Weilers LLP

Are you now or have you ever been…

Are you now or have you ever been…

January 13, 2023

By Fhara Pottinger

…an estate trustee, an executor, an executrix, or a plain old trustee?


The modernization of legal terms to keep pace with the modernization of the English language is a good thing, but you need to be wary of unintended consequences. Some of the changes, while effective for many purposes, may create added confusion. Being a trustee, by any term, is challenging enough without adding to the situation through confusing terminology.

The terms “executor” and “executrix” are archaic language which many people have difficulty understanding. It is also better to be able to use one non-gendered term rather than the two words for the same role. From that viewpoint, replacing “executor” and “executrix” in wills and estate administration documents with the term “estate trustee” makes sense.

The difficulty is that even archaic English words often have a substantial and well-established body of law that interpret them. Perhaps this is true in the law of wills and estates more than any other area.

Unfortunately, if you find yourself in this role, you run the risk of losing sight of the different roles you might have at different stages. It is harder to get your head around the difference between an estate trustee and simply a trustee than between an “executrix” and any other sort of trustee.

Why is this important?

Even when the estate has been administered, and the estate trustee’s duties are complete, that same person may remain a trustee of some of the assets remaining to be transferred to the beneficiaries. They therefore remain subject to all the duties and liabilities of a trustee, even though they are no longer an estate trustee.

This principle is so well established that the leading case goes back to 1913 when in Attenborough & Son v. Solomon, the United Kingdom House of Lords overturned a judgment in favor of a pawnbroker who had taken the pledge of a silver plate as security for a debt; the plate had been directed to be divided equally between the deceased’s four children. One of those children, as trustee, retained possession of the silver plate, although the accounts of the estate had been passed and therefore the estate executors had been discharged from their duties. Both the pawnbroker and the wrongdoing trustee argued that once the executors duties were finished, there was no fiduciary duty owed to the beneficiaries or the estate.

The House of Lords, at that time the ultimate appeal court in the United Kingdom, reversed the Court of Appeal decision in favor of the pawnbroker. The court ruled that the silver plate had become vested in the wrongdoer as a trustee.

The fiduciary duty of a trustee prevents them from using assets of the trust for their own benefit which is what happened in this case. Although the trustee had legal title to the silver plate, he was not the true or beneficial owner of it but rather shared that ownership with his siblings. His pledge to the pawnbroker violated that duty. From the pawnbroker’s perspective, a trustee cannot transfer more property than they own in an asset. The true owners are entitled to bring in action for the recovery of the silver plate.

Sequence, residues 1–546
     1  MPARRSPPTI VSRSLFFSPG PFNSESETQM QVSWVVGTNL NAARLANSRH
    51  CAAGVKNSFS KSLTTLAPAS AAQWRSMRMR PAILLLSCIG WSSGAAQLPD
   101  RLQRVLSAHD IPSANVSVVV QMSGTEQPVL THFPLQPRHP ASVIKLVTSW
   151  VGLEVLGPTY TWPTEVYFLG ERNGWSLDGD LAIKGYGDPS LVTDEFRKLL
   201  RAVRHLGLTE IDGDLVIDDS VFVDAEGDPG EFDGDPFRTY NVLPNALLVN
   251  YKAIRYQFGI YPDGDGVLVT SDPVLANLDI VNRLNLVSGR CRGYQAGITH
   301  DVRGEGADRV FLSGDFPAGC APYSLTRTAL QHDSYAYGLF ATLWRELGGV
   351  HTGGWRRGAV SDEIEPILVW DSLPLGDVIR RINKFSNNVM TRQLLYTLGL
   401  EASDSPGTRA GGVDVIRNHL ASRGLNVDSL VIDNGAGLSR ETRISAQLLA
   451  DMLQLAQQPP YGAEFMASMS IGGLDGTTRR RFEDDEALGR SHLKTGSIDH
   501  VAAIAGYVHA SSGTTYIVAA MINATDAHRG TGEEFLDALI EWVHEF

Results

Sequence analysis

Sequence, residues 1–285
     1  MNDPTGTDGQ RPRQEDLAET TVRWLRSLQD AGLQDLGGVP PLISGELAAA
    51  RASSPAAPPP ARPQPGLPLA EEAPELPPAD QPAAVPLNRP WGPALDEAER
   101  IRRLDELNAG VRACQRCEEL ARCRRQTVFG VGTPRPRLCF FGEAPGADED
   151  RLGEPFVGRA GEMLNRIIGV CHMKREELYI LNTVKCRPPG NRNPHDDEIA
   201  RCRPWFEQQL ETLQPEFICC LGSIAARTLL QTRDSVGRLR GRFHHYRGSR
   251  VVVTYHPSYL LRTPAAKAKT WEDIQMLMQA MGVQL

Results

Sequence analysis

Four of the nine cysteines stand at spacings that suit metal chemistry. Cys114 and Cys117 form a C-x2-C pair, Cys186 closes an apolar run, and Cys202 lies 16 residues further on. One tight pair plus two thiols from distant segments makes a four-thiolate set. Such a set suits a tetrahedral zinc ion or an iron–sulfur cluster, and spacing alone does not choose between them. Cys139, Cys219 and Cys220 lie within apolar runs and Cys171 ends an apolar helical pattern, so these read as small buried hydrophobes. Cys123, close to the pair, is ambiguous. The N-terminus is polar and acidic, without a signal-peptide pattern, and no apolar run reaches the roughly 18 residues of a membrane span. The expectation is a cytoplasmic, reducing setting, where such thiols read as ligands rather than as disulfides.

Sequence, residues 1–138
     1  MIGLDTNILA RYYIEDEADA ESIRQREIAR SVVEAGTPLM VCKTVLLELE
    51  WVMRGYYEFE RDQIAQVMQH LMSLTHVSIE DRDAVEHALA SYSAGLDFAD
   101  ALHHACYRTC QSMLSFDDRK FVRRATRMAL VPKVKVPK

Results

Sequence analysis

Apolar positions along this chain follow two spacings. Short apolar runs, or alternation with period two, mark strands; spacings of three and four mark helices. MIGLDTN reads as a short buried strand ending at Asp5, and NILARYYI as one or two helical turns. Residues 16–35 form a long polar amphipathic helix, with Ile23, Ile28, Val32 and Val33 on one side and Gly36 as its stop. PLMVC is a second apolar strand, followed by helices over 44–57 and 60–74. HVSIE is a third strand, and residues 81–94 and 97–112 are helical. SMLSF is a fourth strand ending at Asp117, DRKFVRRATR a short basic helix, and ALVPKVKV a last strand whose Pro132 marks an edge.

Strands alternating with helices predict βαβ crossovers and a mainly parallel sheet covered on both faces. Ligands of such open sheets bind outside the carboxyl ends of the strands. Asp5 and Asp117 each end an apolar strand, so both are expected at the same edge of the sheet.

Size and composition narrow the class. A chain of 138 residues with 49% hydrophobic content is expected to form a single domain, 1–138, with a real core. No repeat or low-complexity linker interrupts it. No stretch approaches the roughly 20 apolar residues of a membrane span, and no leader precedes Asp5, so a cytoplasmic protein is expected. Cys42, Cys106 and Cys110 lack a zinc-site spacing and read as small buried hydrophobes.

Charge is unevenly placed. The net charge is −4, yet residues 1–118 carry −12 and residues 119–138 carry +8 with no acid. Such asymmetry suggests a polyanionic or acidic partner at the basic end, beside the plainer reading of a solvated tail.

Although Attenborough is a United Kingdom decision, the same principles apply in Canada, including in Ontario. Despite its age, Attenborough is still relevant, having been applied in 1996 – not a long gap as you might think. Things move slowly in the law of wills and estates.


When we use the term “estate trustee”, we risk creating more confusion rather than less, and the person in Solomon’s shoes may be less likely to appreciate their ongoing responsibility as a trustee on behalf of the beneficiaries after they cease to be an estate trustee. It was difficult using the archaic language, but new language should make it more clear, not more confusing.


The wills and estates lawyers of Weilers LLP are not confused by archaic words or modern language. They will explain things clearly to people making wills, to trustees, and to beneficiaries. They will make sure that if someone does violate their duties, consequences will follow.

If it is necessary to bring an action, the litigation team at Weilers LLP is well experienced in estate litigation and becoming more experienced every day, as this area of litigation is unfortunately a growth area.

If you need your will prepared or your estate administered by experienced and knowledgeable lawyers, Weilers LLP is an excellent choice. We have the good fortune of having Brian Babcock, the instructor in the law of trusts at the Bora Laskin Faculty of Law, as counsel to the firm.

As an added bonus, Weilers LLP conducts a walk-in wills clinic on many Saturdays, where you can get assistance with wills and estates at your convenience. We understand that life is not 9 to 5.

Whether it is the preparation of a will, the administration of an estate, or estate litigation, if you need legal advice give Weilers LLP a call and see if we are the right lawyers for you.